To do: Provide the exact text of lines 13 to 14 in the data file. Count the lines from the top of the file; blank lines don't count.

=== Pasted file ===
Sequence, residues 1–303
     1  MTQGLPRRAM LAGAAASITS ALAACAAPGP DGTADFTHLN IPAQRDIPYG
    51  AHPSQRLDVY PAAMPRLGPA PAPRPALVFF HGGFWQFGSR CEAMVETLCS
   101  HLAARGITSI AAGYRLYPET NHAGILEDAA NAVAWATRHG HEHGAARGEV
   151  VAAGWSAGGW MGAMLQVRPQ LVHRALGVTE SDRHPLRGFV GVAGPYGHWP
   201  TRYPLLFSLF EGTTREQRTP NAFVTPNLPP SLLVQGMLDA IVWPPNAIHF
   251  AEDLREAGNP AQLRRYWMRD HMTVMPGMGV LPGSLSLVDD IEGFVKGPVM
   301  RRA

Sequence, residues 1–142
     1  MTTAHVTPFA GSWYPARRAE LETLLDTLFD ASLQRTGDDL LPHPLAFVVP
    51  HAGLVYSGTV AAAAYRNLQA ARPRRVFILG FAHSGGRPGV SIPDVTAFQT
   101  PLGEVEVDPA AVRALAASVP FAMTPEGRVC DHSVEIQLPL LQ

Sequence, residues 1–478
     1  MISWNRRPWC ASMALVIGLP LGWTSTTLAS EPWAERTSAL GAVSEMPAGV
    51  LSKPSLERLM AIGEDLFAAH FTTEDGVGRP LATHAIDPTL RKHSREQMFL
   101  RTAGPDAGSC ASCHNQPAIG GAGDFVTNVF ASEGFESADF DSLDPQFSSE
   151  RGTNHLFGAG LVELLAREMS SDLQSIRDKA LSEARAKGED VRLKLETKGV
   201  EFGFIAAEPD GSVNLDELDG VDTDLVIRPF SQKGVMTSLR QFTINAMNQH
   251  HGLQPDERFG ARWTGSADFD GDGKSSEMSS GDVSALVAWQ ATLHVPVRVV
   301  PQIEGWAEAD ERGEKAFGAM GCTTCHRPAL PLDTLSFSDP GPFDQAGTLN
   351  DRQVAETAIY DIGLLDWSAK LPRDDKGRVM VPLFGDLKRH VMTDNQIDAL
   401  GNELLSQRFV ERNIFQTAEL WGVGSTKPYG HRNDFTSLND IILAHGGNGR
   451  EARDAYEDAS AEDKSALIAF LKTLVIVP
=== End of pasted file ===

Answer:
Sequence, residues 1–478
     1  MISWNRRPWC ASMALVIGLP LGWTSTTLAS EPWAERTSAL GAVSEMPAGV